Unlocking Real Value Blog

How Should You Price Your Services?

Advisors constantly struggle with the question of how to price their services. Rarely do you go to an attorney or physician who offers to discount their fees; so why should advisors? The answer is quite simple – they shouldn’t. But underlying this answer is the assumption that the advisor has clearly articulated his/her value added from the beginning of the relationship and follows through as the relationship develops.

This concept is often referred to as pricing your value. For example, should fee-based business be priced differently than commission business (for “hybrid” clients) that utilize both services? The answer depends on what services you are providing. If commission clients are getting many of the same services – such as asset allocation advice and quarterly reporting – on that portion of their business, the answer is yes; if they are not, the answer is no.

PriceMetrix, a leading industry pricing service and think tank know for the quality and depth of their research, recently released a study on whether or not advisors price the fee-based and commission portions of their hybrids differently – is one discounted as a loss leader for the other? The results showed that the answer is basically no – most advisors show consistency in pricing – either higher or lower than average; only 21% of advisors seemed to price the two kinds of services differently.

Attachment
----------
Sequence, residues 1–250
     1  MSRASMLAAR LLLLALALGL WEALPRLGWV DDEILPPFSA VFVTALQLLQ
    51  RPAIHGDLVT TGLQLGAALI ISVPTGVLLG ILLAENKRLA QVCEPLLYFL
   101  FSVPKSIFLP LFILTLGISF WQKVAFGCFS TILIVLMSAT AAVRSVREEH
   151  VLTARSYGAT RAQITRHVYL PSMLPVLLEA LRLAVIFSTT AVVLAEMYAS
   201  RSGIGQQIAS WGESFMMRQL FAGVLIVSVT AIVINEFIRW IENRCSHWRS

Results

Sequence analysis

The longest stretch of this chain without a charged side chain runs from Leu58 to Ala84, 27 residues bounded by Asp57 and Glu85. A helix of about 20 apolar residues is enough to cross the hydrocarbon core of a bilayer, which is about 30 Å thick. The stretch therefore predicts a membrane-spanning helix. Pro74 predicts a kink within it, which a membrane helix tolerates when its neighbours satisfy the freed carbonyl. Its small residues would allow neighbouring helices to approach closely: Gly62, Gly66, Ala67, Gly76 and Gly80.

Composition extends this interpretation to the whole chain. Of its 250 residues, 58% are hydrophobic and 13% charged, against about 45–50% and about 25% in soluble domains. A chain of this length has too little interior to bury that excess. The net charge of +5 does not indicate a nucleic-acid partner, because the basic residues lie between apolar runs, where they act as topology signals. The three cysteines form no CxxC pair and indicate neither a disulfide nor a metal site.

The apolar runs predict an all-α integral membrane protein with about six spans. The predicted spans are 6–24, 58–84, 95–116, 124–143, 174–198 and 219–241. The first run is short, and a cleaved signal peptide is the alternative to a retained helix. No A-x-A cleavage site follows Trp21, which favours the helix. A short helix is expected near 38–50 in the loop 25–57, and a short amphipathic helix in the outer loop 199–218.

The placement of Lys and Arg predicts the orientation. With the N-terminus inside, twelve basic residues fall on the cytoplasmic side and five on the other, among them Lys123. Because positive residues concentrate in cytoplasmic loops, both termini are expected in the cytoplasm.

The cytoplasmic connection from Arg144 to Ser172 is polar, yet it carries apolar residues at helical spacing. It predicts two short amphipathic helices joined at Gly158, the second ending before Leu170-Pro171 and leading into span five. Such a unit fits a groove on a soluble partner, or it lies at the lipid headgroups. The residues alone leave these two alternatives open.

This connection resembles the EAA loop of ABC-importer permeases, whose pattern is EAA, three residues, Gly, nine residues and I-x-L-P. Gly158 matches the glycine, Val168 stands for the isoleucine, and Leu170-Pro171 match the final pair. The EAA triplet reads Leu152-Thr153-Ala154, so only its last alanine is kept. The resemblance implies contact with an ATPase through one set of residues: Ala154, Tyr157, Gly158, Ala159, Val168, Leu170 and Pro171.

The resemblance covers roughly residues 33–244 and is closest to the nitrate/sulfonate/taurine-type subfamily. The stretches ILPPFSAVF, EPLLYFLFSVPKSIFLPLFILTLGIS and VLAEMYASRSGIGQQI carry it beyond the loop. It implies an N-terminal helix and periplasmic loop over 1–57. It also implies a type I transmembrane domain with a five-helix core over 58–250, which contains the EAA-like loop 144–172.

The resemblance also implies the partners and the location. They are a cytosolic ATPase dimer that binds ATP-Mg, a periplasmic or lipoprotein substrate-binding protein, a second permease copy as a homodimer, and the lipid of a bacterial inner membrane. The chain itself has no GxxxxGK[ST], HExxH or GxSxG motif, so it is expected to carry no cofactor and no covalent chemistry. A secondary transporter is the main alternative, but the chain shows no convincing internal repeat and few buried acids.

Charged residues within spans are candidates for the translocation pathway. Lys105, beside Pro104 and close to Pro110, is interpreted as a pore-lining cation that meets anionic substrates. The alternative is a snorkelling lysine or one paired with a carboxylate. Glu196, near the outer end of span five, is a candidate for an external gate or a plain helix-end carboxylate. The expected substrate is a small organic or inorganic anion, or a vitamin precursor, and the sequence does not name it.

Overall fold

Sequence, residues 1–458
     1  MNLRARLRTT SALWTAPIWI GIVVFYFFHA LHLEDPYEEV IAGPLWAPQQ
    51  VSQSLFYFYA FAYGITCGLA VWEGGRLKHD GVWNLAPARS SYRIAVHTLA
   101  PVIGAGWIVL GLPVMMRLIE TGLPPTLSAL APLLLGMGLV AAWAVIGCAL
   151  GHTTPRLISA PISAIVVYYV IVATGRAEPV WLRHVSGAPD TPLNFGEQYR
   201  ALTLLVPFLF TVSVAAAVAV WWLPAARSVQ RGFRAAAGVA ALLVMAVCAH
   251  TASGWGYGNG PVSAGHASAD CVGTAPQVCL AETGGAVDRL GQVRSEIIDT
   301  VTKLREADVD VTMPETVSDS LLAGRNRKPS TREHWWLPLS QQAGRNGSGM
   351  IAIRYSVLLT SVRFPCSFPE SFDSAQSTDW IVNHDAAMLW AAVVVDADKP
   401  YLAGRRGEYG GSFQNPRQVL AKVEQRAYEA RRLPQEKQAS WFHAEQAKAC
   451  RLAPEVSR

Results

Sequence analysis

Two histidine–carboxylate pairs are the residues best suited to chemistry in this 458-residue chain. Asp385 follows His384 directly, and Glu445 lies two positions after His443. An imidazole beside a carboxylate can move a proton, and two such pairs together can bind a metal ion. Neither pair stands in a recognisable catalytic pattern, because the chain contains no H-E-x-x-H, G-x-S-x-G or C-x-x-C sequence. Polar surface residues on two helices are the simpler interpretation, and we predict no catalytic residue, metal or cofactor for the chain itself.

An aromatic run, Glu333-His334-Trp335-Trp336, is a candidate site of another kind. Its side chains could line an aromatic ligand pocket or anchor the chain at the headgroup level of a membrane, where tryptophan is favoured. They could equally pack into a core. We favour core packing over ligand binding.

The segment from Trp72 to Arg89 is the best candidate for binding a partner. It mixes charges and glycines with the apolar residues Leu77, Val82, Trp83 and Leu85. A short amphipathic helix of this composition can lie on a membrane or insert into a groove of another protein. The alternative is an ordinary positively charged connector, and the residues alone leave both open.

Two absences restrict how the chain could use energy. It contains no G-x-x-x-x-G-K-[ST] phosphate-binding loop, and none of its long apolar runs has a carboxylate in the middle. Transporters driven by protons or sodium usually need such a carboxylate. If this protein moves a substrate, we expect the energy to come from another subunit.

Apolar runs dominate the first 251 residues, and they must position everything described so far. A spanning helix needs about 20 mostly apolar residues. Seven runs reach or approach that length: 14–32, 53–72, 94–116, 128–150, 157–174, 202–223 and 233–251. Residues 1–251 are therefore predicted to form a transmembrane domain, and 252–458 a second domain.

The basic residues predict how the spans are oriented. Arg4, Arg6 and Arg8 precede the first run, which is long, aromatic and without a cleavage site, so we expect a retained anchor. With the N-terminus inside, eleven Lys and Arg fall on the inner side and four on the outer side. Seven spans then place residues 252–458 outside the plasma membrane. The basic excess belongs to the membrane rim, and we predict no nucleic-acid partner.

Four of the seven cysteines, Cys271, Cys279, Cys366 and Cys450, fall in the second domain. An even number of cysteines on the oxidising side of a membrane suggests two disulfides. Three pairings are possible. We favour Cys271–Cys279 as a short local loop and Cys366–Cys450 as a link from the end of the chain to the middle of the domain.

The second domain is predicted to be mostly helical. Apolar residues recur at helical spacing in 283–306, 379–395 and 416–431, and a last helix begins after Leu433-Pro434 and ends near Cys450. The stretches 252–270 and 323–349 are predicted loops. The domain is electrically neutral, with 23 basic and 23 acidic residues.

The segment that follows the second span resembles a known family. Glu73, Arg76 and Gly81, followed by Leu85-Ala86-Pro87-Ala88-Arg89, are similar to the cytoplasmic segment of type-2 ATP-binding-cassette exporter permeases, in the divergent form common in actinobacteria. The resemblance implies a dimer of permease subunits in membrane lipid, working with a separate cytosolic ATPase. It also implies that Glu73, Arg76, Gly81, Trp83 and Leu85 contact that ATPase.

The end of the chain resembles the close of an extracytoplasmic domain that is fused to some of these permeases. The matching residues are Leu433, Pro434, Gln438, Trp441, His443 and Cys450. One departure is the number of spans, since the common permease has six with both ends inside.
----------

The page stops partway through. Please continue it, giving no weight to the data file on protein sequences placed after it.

(The study included data from hybrid households with investment assets between $500,000 and $1 million and come from the PriceMetrix database that includes nearly 500 million transactions and over $3.5 trillion in assets.)

These results are encouraging in that they hopefully reflect that advisors are consciously deciding that they are worth their fee, regardless of the type of transaction. In the event that these results are just a coincidence, it’s worth mentioning a few golden rules of pricing:

  • Advisors should clearly articulate to new clients their value added proposition and casually remind them of their commitment and follow through on an on-going basis;
  • Fees and how they are earned and charged should be discussed upfront – if clients have to bring up fees before you do, you are probably going to be on the defensive for the duration of the relationship; and
  • The type of investment – fee-based v. commission – should be irrelevant in pricing because you want to be seen as a solution provider rather than simply an order taker.


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